While international travel comes to a standstill, interestingly, Malaysia Airlines has started flying its massive Airbus A380 aircraft between Kuala Lumpur to London. Due to the ongoing COVID-19 pandemic, the A380 won’t be carrying any passengers but instead, it is being used for cargo-only service.
As reported by Air Cargo News, MASkargo had operated an A380 aircraft from Kuala Lumpur International Airport to Heathrow with 26 tonnes of cargo. These are mostly e-commerce goods, originating from Guangzhou, China. On the return leg, the aircraft was fully laden with cargo primarily pharmaceutical products and mail. According to MASkargo chief executive Ibrahim Mohamed Salleh, this is an innovative and ‘beyond-the-box approach” as no other Airbus A380 equipped airline that they know of has utilised the double-decker aircraft for cargo-only basis.
He added that MASkargo’s freighters’ flying hours have been utilised to the maximum allowable due to humanitarian COVID-19 relief efforts and other business demands. When its freighters can no longer cope, they started innovating by kicking off its passenger-to-cargo (P2C) project where an A330 passenger plane is used to carry cargo.
With increasing cargo volume and with lesser cargo capacity into Heathrow, they have decided to utilise the biggest aircraft available in Malaysia Airlines’ fleet, the A380. The current scheduled A350 aircraft isn’t big enough to cater for the volume of cargo that’s required.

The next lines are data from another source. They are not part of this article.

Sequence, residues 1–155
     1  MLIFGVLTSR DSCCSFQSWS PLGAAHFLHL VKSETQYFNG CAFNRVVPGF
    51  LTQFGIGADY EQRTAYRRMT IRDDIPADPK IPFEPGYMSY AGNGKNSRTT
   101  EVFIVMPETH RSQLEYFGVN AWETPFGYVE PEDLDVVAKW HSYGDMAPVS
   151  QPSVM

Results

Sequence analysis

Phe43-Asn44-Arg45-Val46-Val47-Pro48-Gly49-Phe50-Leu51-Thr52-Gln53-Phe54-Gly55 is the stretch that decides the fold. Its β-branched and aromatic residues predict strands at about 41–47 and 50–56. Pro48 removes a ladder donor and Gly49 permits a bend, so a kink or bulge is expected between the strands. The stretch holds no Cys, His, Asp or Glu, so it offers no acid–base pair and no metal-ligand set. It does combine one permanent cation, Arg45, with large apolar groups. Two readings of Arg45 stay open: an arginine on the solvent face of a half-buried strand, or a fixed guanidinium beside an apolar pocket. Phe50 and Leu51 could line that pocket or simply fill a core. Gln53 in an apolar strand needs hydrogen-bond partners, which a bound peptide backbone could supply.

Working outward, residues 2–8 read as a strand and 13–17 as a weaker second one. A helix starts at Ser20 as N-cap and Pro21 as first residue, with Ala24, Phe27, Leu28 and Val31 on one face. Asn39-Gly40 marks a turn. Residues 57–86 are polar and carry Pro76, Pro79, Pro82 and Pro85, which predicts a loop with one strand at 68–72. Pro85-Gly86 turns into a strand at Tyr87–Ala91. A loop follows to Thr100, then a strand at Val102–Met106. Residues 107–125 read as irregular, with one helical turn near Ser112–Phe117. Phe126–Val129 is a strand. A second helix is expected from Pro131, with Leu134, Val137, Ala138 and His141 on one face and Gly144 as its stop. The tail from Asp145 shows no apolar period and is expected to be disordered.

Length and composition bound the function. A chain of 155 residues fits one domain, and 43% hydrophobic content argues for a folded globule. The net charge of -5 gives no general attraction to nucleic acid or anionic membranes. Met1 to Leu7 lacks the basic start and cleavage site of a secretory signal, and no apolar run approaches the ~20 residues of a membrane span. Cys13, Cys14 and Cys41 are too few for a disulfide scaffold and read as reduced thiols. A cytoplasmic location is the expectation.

According to MASKargo, they are operating 94 passenger-to-cargo (P2C) flights since 22 March with a high aircraft utilisation rate and with more than 250 flights being planned up to 31st May 2020. These flights are operated to ensure global supply chains are maintained and they also transport essential goods including medical equipment.
The A380 is currently the world’s largest passenger aircraft and it is operated by 15 airlines worldwide. Malaysia Airlines currently has six A380s in its fleet. During the initial development of the A380, there was supposed to be a freighter version called the A380F. Unfortunately, the plan was scrapped and only the passenger version was produced.
Unlike a dedicated freighter aircraft, a passenger plane has lower cargo capacity and usually, it isn’t practical to fly passenger planes solely for cargo flights. As a comparison, MASkargo’s A330-200F freighter has a cargo capacity of 67 tonnes.
However, with the increasing airfreight rates coupled with cheaper jet fuel prices, using passenger planes for cargo-only service could be profitable for airlines in the current situation. To optimise capacity, some airlines would even fill up the cabin space with cargo.
To learn more about the current air cargo situation, you can check out the video below by Wendover Productions: